“Balkan Borderlands” and “Transylvanian Transit”: Cabaretesque Topographies of East European Modernity
The concept of the “cabaretesque” grows from my work as both an ethnomusicologist and the artistic director of the cabaret ensemble, The New Budapest Orpheum Society. I employ the cabaretesque theoretically in this paper to examine the ways in which diverse musical repertories from the Eastern Europe cohere in ways that allow us to rethink the ways in which music and geography interact to narrate modern history. Critical to the perspectives opened by theories of the cabaretesque are the musical juxtapositions of lived-in worlds on the stage, turning them inside-out. The boundaries between audience and performer – symbolically between actors and agents in history – blur and disappear. Musical performance becomes a mirror for historical action. Cabaretesque musical repertories are particularly abundant across Eastern Europe. Metaphor emerges from musical border, for example, in the caesurae that form the hemistiches in Balkan epic. The borders of empire – Ottoman, Austro-Hungarian, Russian – have divided musical genres during the longue durée of encounter. Borders run through sacred music practices, for example, separating eastern and western Christianity no less than eastern and western Ashkenazic Jewish cultures. As my title indicates, Balkan borderlands are also sites of transit, in other words, the mobility that yields the extensive multiculturalism that defines regions, nations, and musics. Borders and transit converge in the cabaretesque practices I have pursued for over two decades.
Sala di musica orientale: Literary Representations of Oriental Salon-Music During the Reign of Selim III (1789-1808)
This paper deals with some early instances of salon music in late-18th century Istanbul, as is attested in the Greek literature of the time. As was the case with salon music in other cities of central and Eastern Europe (such as Vienna), this genre was not systematically recorded due to its private nature but was partially described in travelers’ accounts or in works of fiction. One of the main sources of information is the Greek romance collection, ΈρωτοςΑποτελέσματα[Effects of Love], written by an anonymous author, and published in Vienna 1792 (with a second edition in 1809). Two of the three stories of the collection are set in Istanbul whilst the third one takes place in the Russian city of Poltava (where a Phanariot prince with his retinue has been exiled). In these stories the salon (mentioned by the Italian word, sala) is a standard place for social gathering, romantic mating, and music making. The musical performance, as sketched in the collection, has three basic elements (which characterize the oriental culture at large): it is an all-male event (women being reduced to listeners in one story), the music is vocal and monodic (in double rounds), and the guests are the performers themselves. The paper contrasts this type of oriental salon-music to its western counterpart of the time, which uses musical instruments, includes women (both as artists and hostesses), and the performers are not necessarily identified with the guests (professional artists as opposed to noble or bourgeois audience).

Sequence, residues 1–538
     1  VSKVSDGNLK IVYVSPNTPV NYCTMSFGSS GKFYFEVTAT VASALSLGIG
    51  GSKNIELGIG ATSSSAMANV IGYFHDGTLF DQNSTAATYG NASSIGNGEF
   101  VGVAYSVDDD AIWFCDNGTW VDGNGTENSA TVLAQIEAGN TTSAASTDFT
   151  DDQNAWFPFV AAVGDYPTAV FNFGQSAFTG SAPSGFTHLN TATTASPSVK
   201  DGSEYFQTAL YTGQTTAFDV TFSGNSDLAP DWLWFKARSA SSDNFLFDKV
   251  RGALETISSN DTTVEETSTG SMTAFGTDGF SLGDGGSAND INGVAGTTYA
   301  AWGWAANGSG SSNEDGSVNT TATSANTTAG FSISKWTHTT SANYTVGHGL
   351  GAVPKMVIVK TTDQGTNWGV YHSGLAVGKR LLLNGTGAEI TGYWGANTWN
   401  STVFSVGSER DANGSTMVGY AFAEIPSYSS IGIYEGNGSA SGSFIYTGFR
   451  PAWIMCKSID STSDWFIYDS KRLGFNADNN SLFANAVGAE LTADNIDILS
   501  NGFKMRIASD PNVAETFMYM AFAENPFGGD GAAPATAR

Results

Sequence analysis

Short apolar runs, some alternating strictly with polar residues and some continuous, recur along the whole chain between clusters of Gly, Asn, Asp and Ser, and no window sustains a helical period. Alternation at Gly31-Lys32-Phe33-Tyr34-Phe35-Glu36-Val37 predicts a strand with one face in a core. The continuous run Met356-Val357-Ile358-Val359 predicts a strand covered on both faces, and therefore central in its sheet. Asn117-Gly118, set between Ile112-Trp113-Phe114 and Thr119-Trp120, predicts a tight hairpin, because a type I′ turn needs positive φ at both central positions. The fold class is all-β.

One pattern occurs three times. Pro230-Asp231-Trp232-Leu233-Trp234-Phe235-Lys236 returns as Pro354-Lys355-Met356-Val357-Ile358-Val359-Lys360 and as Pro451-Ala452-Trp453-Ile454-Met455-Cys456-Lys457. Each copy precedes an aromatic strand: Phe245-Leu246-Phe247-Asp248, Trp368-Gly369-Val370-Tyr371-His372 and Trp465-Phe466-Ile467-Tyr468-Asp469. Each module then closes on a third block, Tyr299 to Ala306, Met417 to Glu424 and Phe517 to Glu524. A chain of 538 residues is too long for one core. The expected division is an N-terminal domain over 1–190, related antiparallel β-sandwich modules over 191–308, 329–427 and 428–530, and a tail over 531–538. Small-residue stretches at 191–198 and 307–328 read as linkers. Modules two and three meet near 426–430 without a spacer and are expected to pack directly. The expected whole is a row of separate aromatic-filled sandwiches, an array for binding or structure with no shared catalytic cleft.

This article examines the Ottoman elites and their musics in the nineteenth-century, with a focus on modal practice in Istanbul. Western music, definitely adopted in 1826 by Sultan Mahmud II as a substitute for the military music of the Janissaries, was by the end of the century represented not only by military, operatic and salon music, but also by classical and romantic masterworks. Apart from the activities of the imperial orchestra, band and chorus, conducted by Giuseppe Donizetti, brother of the famous opera composer, Callisto Guatelli and others, many Ottoman-Turkish and Levantine soloists had developed a lively musical scene, which was enriched by visiting European artists and Italian operatic ensembles. The first two generations of native composers in the Western idiom had also emerged. In accordance with the Sultan’s directives, measures were taken for the suppression of traditional art music and the promotion of Western music in Istanbul. But a strong reaction immediately set in by the traditional elites: neglect of the traditional art music offended composers like Dede Efendi, who later wrote instrumental and vocal pieces influenced by Western idioms but in various Turkish modes. Some of his compositions lend themselves today well to incorporation into Western music format.
This paper will discuss the image of Romanian music as presented by William Beatty-Kingston, a British author who served for many years as a correspondent for The Daily Telegraph in Central and Eastern Europe in the second half of the 19th century. Beatty-Kingston visited Romania on several occasions in the 1860s-1880s and witnessed its profound transformation in terms of infrastructure or politics. But he was equally fascinated with Romanian arts and detailed in his volumes his encounters with local music. Beatty-Kingston left us with valuable information about Romanian music, with references to types of melodic airs, their historical roots, instruments used, famous minstrels of the time or the social importance of this profession. This paper will analyse Beatty-Kingston’s accounts and place his musical interest in a larger context related to the artistic heritage of peripheral nations.
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